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Grant will help provide WNY children, mothers with services

LEWISTON – Families in Niagara and Erie counties may benefit from a $2.1 million federal grant to bolster the screening of children’s developmental skills and women for maternal depression, according to a Niagara University assistant dean.

Gov. Andrew M. Cuomo earlier this month announced the five-year grant earmarked for the Western New York and Long Island regions, with a portion of the funding to go to Help Me Grow Western New York, an organization that provides free child development services to area families.

The state’s Council on Children and Families will partner with state and local agencies like Help Me Grow WNY to develop a statewide model for screening children earlier for developmental delays, screening their mothers for depression and to provide needed services sooner to promote long-term success, Cuomo’s office said.

“This funding allows Help Me Grow Western New York to enhance developmental screenings, care coordination and early interventions to a statewide level by working with our colleagues in the New York State Council of Children and Families, the Department of Health, and Docs for Tots in Long Island,” said Patricia Wrobel, assistant dean at Niagara University’s College of Education. “It affords opportunities to reach children and families through a comprehensive statewide system.”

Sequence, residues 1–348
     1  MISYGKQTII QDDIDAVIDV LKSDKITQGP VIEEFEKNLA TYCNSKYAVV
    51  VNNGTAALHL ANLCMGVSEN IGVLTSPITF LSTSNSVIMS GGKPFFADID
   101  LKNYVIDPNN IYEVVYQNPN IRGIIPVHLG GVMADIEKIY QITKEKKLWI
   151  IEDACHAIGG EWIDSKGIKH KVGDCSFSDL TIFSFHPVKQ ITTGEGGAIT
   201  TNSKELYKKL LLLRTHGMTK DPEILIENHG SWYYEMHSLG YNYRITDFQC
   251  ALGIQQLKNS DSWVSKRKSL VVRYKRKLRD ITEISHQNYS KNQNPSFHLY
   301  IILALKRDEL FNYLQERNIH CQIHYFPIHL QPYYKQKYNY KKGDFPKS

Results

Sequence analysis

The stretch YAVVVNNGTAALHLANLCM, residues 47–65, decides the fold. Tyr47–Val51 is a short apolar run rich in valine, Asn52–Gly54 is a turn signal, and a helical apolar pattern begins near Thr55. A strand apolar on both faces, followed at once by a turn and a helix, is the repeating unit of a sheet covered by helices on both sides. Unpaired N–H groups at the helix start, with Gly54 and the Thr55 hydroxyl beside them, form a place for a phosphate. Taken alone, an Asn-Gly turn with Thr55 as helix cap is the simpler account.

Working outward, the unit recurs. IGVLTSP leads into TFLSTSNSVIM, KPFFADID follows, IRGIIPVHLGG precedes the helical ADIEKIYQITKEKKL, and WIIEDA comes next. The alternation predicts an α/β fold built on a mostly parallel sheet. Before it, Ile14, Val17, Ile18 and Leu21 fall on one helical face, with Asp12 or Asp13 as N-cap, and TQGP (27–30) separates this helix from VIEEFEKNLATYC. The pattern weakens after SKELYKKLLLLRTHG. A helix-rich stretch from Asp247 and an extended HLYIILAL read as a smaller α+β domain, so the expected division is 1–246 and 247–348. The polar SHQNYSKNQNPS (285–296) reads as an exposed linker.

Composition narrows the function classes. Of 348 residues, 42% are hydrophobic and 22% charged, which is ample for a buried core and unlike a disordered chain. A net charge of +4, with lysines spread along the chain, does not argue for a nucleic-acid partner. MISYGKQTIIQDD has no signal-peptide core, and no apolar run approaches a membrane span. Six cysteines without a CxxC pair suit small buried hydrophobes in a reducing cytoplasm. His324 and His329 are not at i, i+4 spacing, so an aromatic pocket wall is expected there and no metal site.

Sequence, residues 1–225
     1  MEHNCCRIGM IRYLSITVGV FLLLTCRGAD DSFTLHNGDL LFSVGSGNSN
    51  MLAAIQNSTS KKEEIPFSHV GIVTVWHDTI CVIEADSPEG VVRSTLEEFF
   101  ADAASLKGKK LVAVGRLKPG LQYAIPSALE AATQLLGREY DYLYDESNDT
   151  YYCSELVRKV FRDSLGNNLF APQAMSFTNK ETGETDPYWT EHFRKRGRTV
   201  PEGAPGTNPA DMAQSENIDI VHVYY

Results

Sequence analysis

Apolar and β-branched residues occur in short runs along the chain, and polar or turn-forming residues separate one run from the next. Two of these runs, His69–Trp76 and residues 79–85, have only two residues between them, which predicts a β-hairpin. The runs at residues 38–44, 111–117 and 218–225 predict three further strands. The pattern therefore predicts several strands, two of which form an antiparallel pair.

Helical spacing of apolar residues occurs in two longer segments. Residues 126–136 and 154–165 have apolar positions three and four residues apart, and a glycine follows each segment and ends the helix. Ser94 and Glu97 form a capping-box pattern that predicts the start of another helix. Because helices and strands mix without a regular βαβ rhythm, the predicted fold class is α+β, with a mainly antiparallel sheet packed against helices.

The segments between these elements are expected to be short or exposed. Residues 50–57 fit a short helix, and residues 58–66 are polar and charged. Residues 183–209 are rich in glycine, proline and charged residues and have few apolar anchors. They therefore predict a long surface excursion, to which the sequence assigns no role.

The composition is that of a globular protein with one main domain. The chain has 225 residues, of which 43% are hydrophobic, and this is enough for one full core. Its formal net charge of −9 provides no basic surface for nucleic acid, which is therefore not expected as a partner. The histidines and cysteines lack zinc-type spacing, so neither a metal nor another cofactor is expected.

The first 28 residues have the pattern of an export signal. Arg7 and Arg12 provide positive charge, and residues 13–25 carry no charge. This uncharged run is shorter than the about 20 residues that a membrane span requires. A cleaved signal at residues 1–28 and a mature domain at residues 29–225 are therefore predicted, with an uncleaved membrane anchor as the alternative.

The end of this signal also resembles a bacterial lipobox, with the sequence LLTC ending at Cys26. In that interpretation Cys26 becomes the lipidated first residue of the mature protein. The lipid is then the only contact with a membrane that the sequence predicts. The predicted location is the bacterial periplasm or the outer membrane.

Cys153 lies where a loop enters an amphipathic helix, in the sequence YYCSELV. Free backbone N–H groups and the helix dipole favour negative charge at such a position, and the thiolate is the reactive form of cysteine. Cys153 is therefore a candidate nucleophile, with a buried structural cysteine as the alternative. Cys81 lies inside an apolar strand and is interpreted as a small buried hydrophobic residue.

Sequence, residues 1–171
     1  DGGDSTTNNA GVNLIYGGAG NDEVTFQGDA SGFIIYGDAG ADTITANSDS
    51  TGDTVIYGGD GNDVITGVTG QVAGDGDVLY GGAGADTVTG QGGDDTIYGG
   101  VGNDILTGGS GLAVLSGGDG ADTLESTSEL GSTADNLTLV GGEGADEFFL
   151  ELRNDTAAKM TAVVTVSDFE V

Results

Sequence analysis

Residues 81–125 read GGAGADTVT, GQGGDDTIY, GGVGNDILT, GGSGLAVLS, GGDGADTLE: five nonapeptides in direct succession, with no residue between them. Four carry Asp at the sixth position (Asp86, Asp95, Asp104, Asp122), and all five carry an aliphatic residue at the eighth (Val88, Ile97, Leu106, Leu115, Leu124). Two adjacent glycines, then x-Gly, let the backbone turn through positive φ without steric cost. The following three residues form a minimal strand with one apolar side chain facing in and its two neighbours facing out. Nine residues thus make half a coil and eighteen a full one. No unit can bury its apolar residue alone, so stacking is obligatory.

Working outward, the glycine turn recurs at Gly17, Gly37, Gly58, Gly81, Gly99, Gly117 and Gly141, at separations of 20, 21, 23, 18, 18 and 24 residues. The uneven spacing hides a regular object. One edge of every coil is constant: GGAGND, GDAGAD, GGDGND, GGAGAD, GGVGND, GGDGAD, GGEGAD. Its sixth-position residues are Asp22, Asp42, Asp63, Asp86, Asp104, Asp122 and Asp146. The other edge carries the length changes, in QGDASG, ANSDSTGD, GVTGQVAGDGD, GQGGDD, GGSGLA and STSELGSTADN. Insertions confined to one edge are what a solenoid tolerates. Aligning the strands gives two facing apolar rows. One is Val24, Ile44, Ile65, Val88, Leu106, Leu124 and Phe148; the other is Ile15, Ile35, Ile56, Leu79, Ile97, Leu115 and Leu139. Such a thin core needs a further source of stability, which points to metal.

Wrobel serves on the 15-member board of directors of Help Me Grow WNY, a Buffalo-based organization that was launched in 2011 and relaunched in 2013. Wrobel and Lynn Pullano, director of Help Me Grow WNY, worked with downstate colleagues to draft the federal grant proposal.

The American Academy of Pediatrics recommends that children be screened for developmental delays and disabilities at 9, 18, 24 and 30 months of age. In Erie and Niagara counties, only about 40 percent of children receive standardized screenings for developmental delays and only one in five with an identified developmental delay actually receives services.

Help Me Grow Western New York will receive a portion of the funding to further cultivate a centralized comprehensive online database of community-based resources and services that can help connect families with service providers.

Help Me Grow offers information on general child development and parenting topics, as well as referrals to community resources, such as early intervention agencies, family therapy, literacy support, mentoring and tutoring programs, parenting classes and recreational opportunities. It also offers developmental screening questionnaires for children up to 5 years old, personalized care coordination to ensure that families successfully connect with resources, and developmental activities for parents to use at home.

The state Education Department reports that New York ranks 49th in the country in terms of the number of developmental screenings of children up to 5 years old.

Help Me Grow WNY complements the NU College of Education’s grant-funded Niagara County Early Child Care Quality Improvement Project, as well as the Positive Emotional Development and Learning Skills (PEDALS), another early childhood development program supported by the Health Foundation for Western and Central New York.

To learn more about Help Me Grow Western New York, visit www.helpmegrowny.org.

email: niagaranews@buffnews.com

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